There's been a lot of stink about a particular dev blog. Before Vegas there was a lot of words written about it. At Vegas there were eye rolls and groans from the crowd when it was brought up by CCP.
I had written the backbone of this post before going to Vegas, but got caught up with real life schtuff before I could finalize it. Now that I'm back and have crashed on the couch after our return trip, I'll see if I can get an answer assembled.
Bottom line up front: For the record, I don't like the idea of trading skill points. Philosophically, I dislike things inserted into the game that devalue my time investment. We talk about the economy having low inflation as being a good thing; I don't know why adding a feature that is effectively "skillpoint devaluation" could be argued as positive.
Said another way: I don't like the notion of giving the maximum benefit to the last guy to show up to the party.
Moreover, I'm fearful that its a thought experiment gone wrong, that it won't actually solve the root cause to the retention problem.
Best I can tell, the logic goes like this: new player tries eve. New player trains a bit, skills complete fast, and things are fine. Then, new player sees the (long) skill queue required to fly the "perfect skills" meta fit of the week, new player leaves in frustration. Therefore long skill queues are bad and we should accelerate new players into competitive endgame capability.
It's that last logic leap that I take issue with. That we should take a new player and accelerate them to catch everyone else. So, I put forward two ideas:
- Character progression and empire building is a core foundation of EVE; short circuiting that process is too high a price to pay.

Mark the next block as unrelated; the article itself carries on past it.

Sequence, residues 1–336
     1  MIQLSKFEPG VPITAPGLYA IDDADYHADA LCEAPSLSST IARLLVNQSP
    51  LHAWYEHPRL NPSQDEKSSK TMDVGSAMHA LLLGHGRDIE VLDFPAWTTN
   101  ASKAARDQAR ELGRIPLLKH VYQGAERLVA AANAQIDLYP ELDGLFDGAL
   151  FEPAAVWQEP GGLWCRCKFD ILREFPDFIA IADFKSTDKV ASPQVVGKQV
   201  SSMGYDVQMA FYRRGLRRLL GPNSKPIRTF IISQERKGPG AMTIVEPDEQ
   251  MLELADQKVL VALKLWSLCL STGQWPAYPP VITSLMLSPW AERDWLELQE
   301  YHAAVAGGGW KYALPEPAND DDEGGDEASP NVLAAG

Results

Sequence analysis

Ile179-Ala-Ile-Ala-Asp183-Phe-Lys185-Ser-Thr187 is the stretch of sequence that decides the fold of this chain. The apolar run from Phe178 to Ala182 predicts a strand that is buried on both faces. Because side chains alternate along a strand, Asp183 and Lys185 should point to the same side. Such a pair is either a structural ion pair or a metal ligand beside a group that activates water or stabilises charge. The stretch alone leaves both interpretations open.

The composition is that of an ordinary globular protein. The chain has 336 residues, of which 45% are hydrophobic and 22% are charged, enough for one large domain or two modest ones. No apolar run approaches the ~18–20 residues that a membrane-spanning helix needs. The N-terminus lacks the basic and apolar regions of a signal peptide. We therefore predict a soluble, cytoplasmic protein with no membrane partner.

- There are other means to achieve the same retention goals.
To be fair, the word 'retention' doesn't actually appear in the Dev Blog in question. That's me (and I guess the community) reading between the lines.
But what to do with newer players as an MMO title ages is not a problem unique to EVE. WoW has suffered from it, and sometimes dealt with it less than gracefully. GW2 took great strides in its content to try to eliminate the gaps between maxlvl and lowlvl players where it could in its basic design. Yes, comparing these games to EVE is apples and oranges in many respects, but the core problem is the same.
The approach I prefer is NOT to accelerate everyone to towards endgame. Let character progression happen as intended. Instead, I'd rather see attempts be made to pull endgame (however you define it) content to the left rather than pushing noobs to the right.
This is kind of a subtle thing, so bear with me. I want characters to grow and gain capability in the same way that they do today - but I also want the game to be more engaging and unfold in ways that newer players can tangibly participate and compete in. Said another way: give players ways to tackle content without pushing them to run missions and "level up and get ready" for whatever endgame they'd prefer to be playing. See previous post about dynamic content and automatic difficulty scaling (and hopefully soon a Dev Blog regarding the same kind of content coming to an EVE near you) for examples of the type of Content the game could and should have.
Secondly, I'd rather see CCP spending some time looking at the social structures of the game and finding ways to support them. Why do corps fail? Why do people run content solo? EVE has some amazingly engaged and active corps, but the successful few are the exception. When I ran my own poll here, over half of responders said they are effectively in a 1-man corp. In a massively-multi-player game. Think about that.
If this change goes through, is it the end of the game? No, probably not. It's probably another feature I'll ignore and go about my normal business. Some will take advantage of the feature, many will not. Maybe it'll be something I'll yammer at Dire about during breaks at EVE Vegas 2025 ... "remember before you could buy skill points??"
And maybe that's ok. But if that comes to pass, it might mean that CCP didn't actually solve anything, and introduced another feature (i.e. invested money) on the scrapheap of things that were supposed to ensure player retention, but didn't. And until we can talk about "the Content problem" in past tense, I don't think we can talk about "the retention problem" either. First things first.